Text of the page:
The course was interesting and tutor marvellous. However the EMA was marked in a very different way and not enough guidance was given to achieve the best result. This meant that I dropped many many marks in the EMA bringing my course reult down. This was the second presentation of the course.

Course starting: October 2011

Review posted: March 2013

A330 is a fascinating course that will give you a very good understanding as to how the Classical World used myth in virtually all areas of life from within political, cultural and sociological contexts with a considerable element of reception theory. This was an element that some of my cohort found challenging so I would advise watching Paula James' presentation on the Pygmallion myth from Buffy The Vampire Slayer (available free on iTunes) to gain a better understanding of this concept of study if it is new to you. Personally, I found the muthos v. logos (philosophy element) more challenging, but still very interesting.

In contrast to another reviewer, I would have to disagree that TMA1 is not a guided piece of writing at Level 1. Make no mistake the source analysis required for this Level 3 course is way and above Level 1, fortunately there are clear examples of how to approach this aspect in the course materials and my own advice is to remember that every sentence in a text or every element of an object of material culture is there for a reason, you just need to decide why.

Some of the critical essays were an absolute joy to read, the Golden Bough essay was very 'marmitey' and the primary sources are well introduced and examined. I think the course is structured and pitched to just the right degree, by easing you into the myth of Hippolytus and looking at how different elements were changed over various re-tellings in text, art, etc. which effectively can change the tone of the myth. Very useful to bear this in mind for the EMA! After the introductory honeymoon phase the workload does increase but the high quality of the materials should sustain your interest and momentum.

I would recommend reading Ovid's Metamorphoses (at least the first 6 books) before the course starts, but don't be surprised if you become hooked! The TMA questions gave an opportunity to show how you have engaged with the course materials with lots of generally good guidance on how to approach. The EMA (discuss the presentation of either love or death) was an absolute joy to write, giving you an opportunity for lots of independent research whilst also using the course materials. There were some issues regarding how to approach this topic with various tutors giving conflicting advice (why is it never uniform OU?) all of whom do not mark the EMA for which they are offering advice on, which may have contributed to some able and high TMA scoring students in my cohort dropping marks significantly on the EMA and hence affecting their overall pass grade which, for some, ended a brilliant course on a sour note.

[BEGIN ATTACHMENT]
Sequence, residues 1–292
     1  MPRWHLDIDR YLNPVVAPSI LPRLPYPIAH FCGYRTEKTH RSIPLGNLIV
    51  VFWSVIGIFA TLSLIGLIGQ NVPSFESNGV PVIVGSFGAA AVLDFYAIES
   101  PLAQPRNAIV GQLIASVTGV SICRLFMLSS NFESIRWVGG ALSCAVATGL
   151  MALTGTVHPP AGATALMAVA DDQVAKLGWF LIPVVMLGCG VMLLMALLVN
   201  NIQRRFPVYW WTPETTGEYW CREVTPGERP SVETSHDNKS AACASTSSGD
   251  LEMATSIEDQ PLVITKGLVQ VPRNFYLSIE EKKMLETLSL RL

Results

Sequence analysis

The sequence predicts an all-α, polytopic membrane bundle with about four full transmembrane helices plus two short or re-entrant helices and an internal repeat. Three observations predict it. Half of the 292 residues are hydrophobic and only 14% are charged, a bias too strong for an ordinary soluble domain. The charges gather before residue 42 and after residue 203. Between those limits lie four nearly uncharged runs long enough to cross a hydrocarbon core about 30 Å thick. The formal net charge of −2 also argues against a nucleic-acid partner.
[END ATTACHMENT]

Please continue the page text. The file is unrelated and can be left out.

Overall I can't recommend this course highly enough - just wish I could do it all over again. It has enhanced my appreciation of Classical Studies (initiated with the equally fab A219) and I am now a huge Ovid, Euripides and Homer fan as a consequence

Lynda Bowley

Course starting: October 2011

Review posted: February 2013

Please note

Each of the views expressed above is an individual's very particular response, largely unedited, and should be viewed with that in mind. Since modules are subject to regular updating, some of the issues identified may have already been addressed. In some instances the faculty may have provided a response to a comment. If you have a query about a particular module, please contact your Regional Centre.